By Andy Biebl
DTN Tax Columnist
DTN Tax Columnist Andy Biebl is a CPA and tax partner with the accounting firm of CliftonLarsonAllen LLP in Minneapolis, Minn., and a national authority on agricultural taxation. To pose questions for upcoming columns, email AskAndy@dtn.com.
We are in the process of doing estate planning. We are in our mid-60s and have two sons who are married. We are residents of South Dakota and our assets are worth approximately $8 million, with the farm land about $5 million of that total. Our attorney is proposing a Revocable Trust for each of us, but is also proposing a Dynasty Trust provision in the Revocable Trust. This is explained to us as protection for our children from creditors, particularly from a divorcing spouse.
I understand a third party must be involved as a trustee, but it seems it could really handcuff our children. What are your thoughts regarding a Dynasty Trust and when it should be used? Is there anything else we should consider to protect the land other than a Dynasty Trust?
Years ago, various states had statutes that prevented a trust from extending through multiple generations. This was known as the "rule against perpetuities" and it was designed to prevent the wealthy from tying up assets in trusts that continued through many generations of their heirs. But those rules have been reversed in many states; a Dynasty Trust is one of the results.
The key feature of the Dynasty Trust is its ability to skip a generation or more with respect to distributing the assets to your heirs. If properly structured, it can avoid the estate tax on those assets to your heirs for one or more generations, assuming a willingness to "lock up" the assets for a long-term timeframe.
The best application for a Dynasty Trust is for those with high net worth who want to bypass the estates of their children and essentially skip a generation or two before the wealth comes out and is again exposed to another round of estate tax. But your question indicates a net worth of $8 million, which is less than a married couple's combined estate exemptions of $10.5 million. Your estates, as well as each of your sons, should be clear of the federal estate tax.
The negative, as you have identified, is that your sons are restricted from direct access to the assets within the Dynasty Trust. This Trust would come into existence at the second of your deaths, and essentially holds the land without distributing it to your sons. It does provide creditor protection, so you need to weigh protecting from that risk against the "handcuffing" of your sons.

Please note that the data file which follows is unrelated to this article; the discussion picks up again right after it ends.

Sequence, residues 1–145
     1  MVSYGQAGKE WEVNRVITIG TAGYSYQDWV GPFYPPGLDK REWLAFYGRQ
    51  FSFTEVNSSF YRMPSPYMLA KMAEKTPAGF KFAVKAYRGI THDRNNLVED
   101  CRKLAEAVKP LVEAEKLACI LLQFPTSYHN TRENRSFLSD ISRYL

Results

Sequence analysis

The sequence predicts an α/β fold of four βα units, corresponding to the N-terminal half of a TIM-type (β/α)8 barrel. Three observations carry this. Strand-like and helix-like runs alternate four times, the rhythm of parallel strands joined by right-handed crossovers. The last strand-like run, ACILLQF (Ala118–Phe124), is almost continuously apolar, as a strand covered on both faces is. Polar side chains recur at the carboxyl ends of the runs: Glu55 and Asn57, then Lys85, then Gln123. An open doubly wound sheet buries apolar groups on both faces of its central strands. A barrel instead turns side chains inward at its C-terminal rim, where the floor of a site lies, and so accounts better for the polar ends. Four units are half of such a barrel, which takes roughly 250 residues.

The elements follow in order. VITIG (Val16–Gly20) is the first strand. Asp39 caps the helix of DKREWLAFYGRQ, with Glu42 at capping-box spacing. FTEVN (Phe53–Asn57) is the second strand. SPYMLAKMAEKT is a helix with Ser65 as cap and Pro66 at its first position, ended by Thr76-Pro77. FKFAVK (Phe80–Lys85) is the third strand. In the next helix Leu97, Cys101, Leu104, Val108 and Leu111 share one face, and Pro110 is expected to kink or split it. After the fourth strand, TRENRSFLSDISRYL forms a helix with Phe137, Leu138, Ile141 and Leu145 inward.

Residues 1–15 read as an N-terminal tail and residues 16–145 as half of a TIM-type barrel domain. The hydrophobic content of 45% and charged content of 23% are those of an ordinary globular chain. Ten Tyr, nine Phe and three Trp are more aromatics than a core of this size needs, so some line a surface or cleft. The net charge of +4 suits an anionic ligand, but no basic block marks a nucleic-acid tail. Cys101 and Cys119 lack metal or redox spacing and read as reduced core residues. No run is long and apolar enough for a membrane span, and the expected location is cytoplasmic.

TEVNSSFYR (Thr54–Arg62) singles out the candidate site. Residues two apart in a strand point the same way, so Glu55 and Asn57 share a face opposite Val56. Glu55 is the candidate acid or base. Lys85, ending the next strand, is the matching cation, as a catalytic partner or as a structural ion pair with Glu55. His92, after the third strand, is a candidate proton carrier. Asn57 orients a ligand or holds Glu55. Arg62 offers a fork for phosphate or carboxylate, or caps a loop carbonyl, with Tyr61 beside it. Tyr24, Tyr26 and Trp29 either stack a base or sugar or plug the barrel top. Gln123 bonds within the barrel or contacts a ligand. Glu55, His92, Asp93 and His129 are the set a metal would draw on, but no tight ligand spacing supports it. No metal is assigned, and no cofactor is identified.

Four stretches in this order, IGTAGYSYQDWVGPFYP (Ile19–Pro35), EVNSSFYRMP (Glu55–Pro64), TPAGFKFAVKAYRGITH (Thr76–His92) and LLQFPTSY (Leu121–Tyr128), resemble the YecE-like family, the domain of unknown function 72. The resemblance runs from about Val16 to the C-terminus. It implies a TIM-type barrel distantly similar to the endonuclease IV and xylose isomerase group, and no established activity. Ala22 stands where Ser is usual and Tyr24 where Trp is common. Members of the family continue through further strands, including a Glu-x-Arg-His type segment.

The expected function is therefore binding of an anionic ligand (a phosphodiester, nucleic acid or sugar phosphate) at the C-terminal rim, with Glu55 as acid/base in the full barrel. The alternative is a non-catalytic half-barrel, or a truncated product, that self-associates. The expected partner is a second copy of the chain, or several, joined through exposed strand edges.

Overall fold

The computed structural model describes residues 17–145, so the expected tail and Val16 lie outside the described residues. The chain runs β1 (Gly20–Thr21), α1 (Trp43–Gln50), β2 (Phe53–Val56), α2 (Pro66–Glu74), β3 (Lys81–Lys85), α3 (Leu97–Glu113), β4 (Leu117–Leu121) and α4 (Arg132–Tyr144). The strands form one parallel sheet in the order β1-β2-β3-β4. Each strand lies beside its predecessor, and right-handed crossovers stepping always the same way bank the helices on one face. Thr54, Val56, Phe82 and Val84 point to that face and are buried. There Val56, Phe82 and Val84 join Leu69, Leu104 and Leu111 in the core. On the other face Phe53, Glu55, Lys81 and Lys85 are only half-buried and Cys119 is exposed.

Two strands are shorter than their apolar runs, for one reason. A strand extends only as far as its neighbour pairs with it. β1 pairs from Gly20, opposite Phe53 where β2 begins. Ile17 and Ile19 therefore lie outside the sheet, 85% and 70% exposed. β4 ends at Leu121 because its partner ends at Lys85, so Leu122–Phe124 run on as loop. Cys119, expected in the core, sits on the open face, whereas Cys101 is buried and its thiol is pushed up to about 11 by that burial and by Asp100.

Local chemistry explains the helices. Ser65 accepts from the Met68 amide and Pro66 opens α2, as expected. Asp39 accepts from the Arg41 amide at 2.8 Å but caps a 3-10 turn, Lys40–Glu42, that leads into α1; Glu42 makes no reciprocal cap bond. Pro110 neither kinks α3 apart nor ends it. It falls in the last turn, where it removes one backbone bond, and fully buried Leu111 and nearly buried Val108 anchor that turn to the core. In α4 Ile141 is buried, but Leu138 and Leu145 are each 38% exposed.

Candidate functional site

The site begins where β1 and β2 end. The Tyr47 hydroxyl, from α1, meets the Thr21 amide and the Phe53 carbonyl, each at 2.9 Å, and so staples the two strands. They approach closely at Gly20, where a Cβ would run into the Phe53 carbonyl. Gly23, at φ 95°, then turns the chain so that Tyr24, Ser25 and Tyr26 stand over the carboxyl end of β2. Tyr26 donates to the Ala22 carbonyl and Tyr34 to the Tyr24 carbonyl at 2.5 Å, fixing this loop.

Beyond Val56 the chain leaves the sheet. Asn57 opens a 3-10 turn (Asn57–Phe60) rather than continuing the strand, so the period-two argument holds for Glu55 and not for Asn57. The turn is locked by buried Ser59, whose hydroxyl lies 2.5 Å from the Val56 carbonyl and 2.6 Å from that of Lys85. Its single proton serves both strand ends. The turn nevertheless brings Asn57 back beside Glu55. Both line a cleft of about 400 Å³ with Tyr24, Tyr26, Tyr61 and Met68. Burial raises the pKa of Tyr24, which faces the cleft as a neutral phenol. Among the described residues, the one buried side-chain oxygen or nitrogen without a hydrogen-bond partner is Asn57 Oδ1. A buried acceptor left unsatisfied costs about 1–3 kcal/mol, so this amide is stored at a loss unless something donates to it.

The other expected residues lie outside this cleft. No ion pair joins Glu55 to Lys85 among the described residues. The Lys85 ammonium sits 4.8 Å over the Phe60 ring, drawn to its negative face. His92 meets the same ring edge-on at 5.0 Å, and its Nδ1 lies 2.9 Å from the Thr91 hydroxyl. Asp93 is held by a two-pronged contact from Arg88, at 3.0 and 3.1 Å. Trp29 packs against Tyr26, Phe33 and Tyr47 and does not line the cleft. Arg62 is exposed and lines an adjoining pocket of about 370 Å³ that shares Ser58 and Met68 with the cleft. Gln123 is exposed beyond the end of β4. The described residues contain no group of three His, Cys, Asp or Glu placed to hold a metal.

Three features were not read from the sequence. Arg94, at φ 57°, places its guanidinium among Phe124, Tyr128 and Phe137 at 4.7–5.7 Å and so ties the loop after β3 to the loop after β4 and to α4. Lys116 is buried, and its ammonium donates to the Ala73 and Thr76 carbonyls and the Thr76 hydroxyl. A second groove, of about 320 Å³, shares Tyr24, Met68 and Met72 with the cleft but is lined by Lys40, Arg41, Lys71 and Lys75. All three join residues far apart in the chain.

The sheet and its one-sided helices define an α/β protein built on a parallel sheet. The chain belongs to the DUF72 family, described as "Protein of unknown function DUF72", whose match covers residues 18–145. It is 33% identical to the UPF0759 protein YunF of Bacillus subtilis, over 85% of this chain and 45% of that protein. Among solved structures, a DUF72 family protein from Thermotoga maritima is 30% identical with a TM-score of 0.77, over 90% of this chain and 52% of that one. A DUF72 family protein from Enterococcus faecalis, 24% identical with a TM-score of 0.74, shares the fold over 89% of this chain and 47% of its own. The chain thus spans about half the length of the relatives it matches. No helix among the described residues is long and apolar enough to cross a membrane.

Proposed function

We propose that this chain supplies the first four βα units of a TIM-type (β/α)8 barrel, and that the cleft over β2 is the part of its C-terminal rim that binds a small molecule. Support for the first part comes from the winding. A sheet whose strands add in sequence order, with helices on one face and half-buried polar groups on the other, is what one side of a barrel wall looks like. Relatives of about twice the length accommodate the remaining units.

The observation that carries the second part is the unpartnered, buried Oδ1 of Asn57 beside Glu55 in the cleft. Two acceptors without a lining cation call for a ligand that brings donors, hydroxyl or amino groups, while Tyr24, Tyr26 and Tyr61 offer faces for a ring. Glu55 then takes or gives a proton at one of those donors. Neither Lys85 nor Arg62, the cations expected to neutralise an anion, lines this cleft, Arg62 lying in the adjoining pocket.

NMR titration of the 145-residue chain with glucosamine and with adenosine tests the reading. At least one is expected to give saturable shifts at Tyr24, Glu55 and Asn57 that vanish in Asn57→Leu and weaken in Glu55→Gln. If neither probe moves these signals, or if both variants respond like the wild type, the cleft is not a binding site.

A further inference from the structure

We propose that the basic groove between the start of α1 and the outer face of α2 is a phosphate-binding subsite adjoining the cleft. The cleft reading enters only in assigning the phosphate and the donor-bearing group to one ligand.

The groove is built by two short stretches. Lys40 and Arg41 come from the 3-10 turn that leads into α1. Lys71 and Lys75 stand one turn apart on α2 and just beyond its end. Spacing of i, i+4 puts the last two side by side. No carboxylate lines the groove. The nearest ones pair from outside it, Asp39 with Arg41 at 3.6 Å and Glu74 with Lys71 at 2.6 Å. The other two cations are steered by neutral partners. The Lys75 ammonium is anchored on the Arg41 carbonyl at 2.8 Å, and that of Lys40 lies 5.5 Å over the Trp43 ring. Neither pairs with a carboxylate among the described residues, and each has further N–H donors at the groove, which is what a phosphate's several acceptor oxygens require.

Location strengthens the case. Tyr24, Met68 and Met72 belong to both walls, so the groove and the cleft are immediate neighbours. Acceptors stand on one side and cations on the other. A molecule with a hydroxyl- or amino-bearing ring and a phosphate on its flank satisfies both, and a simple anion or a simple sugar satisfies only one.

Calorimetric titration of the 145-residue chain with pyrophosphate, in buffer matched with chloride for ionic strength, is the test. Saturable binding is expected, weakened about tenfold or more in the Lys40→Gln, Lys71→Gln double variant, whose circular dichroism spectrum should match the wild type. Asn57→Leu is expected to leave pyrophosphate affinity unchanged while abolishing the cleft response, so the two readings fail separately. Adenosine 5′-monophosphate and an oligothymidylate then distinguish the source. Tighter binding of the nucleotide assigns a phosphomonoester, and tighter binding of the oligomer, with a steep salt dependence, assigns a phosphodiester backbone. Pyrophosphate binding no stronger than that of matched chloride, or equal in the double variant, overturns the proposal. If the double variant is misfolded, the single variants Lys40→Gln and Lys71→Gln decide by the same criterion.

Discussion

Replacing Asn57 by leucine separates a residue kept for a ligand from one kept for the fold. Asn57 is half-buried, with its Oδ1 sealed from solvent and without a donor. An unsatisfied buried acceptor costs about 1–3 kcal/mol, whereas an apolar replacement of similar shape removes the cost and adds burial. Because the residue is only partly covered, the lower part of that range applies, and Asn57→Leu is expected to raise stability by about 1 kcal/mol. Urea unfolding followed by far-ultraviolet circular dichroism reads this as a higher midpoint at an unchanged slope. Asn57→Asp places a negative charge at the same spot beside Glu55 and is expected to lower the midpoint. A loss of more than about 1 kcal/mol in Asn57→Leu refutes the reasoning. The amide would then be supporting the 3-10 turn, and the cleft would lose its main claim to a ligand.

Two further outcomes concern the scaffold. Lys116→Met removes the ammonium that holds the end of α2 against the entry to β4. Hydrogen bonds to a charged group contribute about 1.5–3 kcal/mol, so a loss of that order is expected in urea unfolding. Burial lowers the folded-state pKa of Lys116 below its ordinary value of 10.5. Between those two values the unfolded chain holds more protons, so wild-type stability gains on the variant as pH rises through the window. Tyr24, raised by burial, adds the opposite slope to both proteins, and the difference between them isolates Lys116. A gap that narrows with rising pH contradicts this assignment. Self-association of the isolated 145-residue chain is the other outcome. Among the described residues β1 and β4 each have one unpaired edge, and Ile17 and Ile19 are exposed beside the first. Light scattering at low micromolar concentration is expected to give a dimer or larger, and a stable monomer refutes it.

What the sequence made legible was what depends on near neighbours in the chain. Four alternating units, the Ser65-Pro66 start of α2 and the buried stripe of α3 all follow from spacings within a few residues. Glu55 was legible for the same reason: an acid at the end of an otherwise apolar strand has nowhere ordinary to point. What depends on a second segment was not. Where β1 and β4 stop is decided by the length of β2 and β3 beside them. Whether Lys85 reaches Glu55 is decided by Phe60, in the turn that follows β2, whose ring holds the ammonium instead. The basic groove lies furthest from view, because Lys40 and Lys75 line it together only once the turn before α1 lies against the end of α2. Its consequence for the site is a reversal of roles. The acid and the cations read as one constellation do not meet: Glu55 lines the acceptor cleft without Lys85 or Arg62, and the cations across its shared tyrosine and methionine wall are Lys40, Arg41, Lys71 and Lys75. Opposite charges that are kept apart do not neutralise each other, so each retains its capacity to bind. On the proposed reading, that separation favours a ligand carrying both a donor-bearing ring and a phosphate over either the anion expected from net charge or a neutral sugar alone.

The trust income will be taxed each year, whether it is taxed to the trust or to the beneficiaries (your sons or their heirs). If trust income is retained, beware of the high trust income tax rates. Essentially any undistributed income retained by the trust above about $12,000 per year is taxed at the top bracket. The annual income distributions can be flexible ("discretionary" in trust lingo), but in that case you should use an independent trustee, not a family member or beneficiary as trustee. In addition to the detrimental income tax rates, trusts are also prohibited from claiming the Section 179 first-year depreciation deduction; this could be important if the trust is ever going to purchase depreciable equipment.
If the primary objective for the Dynasty Trust is to hold the land together and protect against either son selling it or losing it to a creditor or ex-spouse (rather than estate tax "skipping"), you may wish to consider a Family Limited Partnership or other limited liability entity.
These FLP entities are taxed like a partnership, and have much more flexibility for the children. But the partnership agreement can effectively force them to hold the land together. The document can be drafted in a way that makes it hard for creditors to get much more than the annual share of the rent of any partner. Also, the document can contain lengthy buy-out terms that effectively are a disincentive to an heir who wants to cash out. And yet, if one of the sons or their family members want to operate the land, the agreement can assure that the family member has the first access under reasonable rental rates. In addition, the existence of the partnership with its restrictive terms in favor of family successorship will cause some discounting of the value within your estate and that of your sons, so as to further minimize the risk of any federal estate tax. Finally, because the net income all passes through to individual returns of the partners, there are no detrimental income tax rates or Section 179 rules.
EDITOR'S NOTE: For more articles on estate and succession planning go to the Senior Partners series at InDepth http://www.dtn.com/…
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